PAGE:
Re: [Ietf-message-headers] Packaging, was: provisional registration: packaged content over http (5 headers)

Julian Reschke <julian.reschke@gmx.de> Tue, 17 January 2012 14:57 UTC

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Date: Tue, 17 Jan 2012 15:57:15 +0100
From: Julian Reschke <julian.reschke@gmx.de>
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Subject: Re: [Ietf-message-headers] Packaging, was: provisional registration: packaged content over http (5 headers)
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On 2012-01-17 15:49, Richard Jones wrote:
> Hi Julian,
>
> On Tue, Jan 17, 2012 at 9:05 AM, Julian Reschke <julian.reschke@gmx.de
> <mailto:julian.reschke@gmx.de>> wrote:
>
>     On 2012-01-17 09 <tel:2012-01-17%2009>:44, Graham Klyne wrote:
>
>         ...
>         [[
>         The Packaging header applies to resources delivered over HTTP
>         which are
>         comprised of component resources, and is for uniquely
>         identifying these
>         well structured packaged objects in a similar way that
>         Content-Type does
>         for MIME formats.
>         ]]
>
>         I think this would be a good opportunity to canvas for
>         information about
>         whether any other projects are addressing similar issues w.r.t.
>         conveying information about packaging or composite object formats in
>         HTTP. I'm pretty sure this isn't a one-off problem.
>
>
>     +1
>
>
> Is this something we can do through this or another IETF list?

I think this is something for apps-discuss.

>         Packaging doesn't really fall into the role of a content-type, as it
>         doesn't say anything about the nature of purpose of the packaged
>         content. But it also is not really a content transfer encoding,
>         as it
>         may convey application-relevant metadata in addition to simply
>         encoding
>         content for transfer.
>
>         The nearest I can think of that has been addressed in the IETF
>         is the
>         MHTML work from some years ago, which uses multipart/related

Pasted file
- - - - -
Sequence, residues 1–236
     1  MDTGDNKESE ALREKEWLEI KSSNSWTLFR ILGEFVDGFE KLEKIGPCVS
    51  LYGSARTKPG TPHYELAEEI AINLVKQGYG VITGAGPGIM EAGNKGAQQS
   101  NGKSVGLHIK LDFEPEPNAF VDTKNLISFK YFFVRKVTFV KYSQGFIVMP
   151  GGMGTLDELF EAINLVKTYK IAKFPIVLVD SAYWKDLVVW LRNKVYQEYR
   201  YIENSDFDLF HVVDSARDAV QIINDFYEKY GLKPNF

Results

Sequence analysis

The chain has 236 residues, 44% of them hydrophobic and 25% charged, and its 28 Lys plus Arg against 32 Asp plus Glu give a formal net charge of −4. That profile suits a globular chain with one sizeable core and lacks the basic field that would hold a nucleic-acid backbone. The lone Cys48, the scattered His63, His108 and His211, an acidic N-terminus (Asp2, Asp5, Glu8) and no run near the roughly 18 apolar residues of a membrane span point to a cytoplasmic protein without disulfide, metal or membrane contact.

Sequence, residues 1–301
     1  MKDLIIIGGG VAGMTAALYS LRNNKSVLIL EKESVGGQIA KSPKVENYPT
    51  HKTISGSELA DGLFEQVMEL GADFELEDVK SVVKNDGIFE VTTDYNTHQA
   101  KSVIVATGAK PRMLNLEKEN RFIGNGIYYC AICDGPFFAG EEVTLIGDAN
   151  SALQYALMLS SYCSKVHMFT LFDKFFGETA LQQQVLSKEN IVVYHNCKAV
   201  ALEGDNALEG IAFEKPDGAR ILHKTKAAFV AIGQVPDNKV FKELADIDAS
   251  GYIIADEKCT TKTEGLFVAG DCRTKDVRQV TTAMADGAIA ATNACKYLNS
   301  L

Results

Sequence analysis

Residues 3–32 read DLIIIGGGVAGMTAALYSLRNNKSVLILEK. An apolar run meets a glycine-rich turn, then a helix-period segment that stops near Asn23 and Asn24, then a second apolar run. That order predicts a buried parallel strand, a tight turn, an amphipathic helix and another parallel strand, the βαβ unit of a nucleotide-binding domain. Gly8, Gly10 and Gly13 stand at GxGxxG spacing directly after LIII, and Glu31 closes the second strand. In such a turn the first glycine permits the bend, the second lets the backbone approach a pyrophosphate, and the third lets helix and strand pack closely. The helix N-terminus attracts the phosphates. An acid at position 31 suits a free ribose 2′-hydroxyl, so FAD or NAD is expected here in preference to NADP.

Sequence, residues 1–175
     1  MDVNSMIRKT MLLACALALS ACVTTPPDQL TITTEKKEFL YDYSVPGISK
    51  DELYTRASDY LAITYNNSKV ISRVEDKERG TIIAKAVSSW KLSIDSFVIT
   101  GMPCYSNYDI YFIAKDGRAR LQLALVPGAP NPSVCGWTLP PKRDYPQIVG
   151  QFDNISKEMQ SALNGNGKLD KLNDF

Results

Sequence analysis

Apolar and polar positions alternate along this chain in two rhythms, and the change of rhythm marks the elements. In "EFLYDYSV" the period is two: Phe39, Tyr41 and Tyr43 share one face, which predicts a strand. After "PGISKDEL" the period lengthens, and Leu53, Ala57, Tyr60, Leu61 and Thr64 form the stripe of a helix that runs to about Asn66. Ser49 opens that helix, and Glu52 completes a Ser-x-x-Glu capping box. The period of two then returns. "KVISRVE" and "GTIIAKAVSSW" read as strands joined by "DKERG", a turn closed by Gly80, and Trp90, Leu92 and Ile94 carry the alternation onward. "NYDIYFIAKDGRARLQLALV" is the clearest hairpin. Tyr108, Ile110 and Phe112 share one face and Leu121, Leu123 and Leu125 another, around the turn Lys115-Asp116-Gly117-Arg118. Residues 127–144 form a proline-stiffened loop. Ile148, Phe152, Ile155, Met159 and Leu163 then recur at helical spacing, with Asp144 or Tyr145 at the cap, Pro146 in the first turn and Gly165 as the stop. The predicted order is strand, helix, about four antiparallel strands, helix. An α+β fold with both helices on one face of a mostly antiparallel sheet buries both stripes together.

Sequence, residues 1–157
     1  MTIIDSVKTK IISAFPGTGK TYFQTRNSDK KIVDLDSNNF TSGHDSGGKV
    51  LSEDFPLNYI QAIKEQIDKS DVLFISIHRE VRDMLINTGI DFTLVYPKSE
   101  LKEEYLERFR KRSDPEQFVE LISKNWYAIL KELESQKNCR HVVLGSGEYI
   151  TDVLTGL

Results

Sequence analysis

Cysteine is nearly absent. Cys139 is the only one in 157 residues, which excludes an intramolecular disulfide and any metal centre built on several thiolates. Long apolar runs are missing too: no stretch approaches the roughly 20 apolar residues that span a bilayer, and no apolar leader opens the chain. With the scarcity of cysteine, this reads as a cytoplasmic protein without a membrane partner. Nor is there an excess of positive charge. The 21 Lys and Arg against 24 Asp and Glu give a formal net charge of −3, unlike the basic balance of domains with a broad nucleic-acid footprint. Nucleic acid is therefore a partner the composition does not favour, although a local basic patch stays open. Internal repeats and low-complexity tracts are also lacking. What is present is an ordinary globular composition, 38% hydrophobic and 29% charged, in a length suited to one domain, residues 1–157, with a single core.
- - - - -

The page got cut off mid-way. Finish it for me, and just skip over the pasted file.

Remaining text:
>         structures
>         to bundle up the content of a web page
>         (http://tools.ietf.org/html/ rfc2557
>         <http://tools.ietf.org/html/rfc2557>). But that doesn't really
>         work in
>         this case, as SWORD and related applications are already using a
>         number
>         of alternative formats that don't easily map into a
>         multipart/related or
>         similar MIME encapsulation structure.
>
>         [[
>         The Packaging request header SHOULD be used by the client during
>         HTTP
>         POST to give information to the server about the packaging
>         format used
>         to construct the content being POSTed or PUT. Servers SHOULD use
>         this
>
>
>     POST *and* PUT?
>
>
> Yes.  The use case is that if you've POSTed a package before, you might
> want to replace it, so you could PUT a new package (potentially in a
> different format) to the original package URI.

So will the resource at the target URI continue to be the packaged 
variant? If not, you really shouldn't use PUT here.


>
>         information to unpack the supplied content into its component
>         parts. If
>         the server does not understand the package format it MUST either
>         store
>         the content as delivered without unpacking or respond with 415
>         (Unsupported Media Type).
>         ]]
>
>
>     No. 415 is for unsupported media types.
>
>
> Ok, interesting; what response should be returned?

Either 400, or you'd have to define a new status code.

>         It is not clear from this text that the SHOULD here applies to
>         implementations of SWORD. For the header specification document,
>         I think
>         it would be better to avoid such normative claims about its use,
>         which
>         might be read as claiming that any HTTP client SHOULD use the
>         header.
>         e.g. just say "The Packaging request header may be used by a
>         client ..."
>
>
>      >From the description in the spec it's not clear to me at all how
>     this is supposed to work, and why it is needed in addition to the
>     Content-Type. I'm sure there's a reason, but it really would be good
>     to add more explanations.
>
>
> The main issue is that Content-Type is for the mimetype, which would be
> something like application/zip, whereas the Packaging header allows us
> to define what is inside the zip; for example, it may by a BagIt, or a
> METS package, or such?

OK, but how does this affect processing?

> Do you imagine a way in which the packaging could be included in the
> Content-Type?  We did look into Media Formats, but their general
> adoption level seemed quite low, and this approach felt simpler.

Potentially a media type parameter?

Best regards, Julian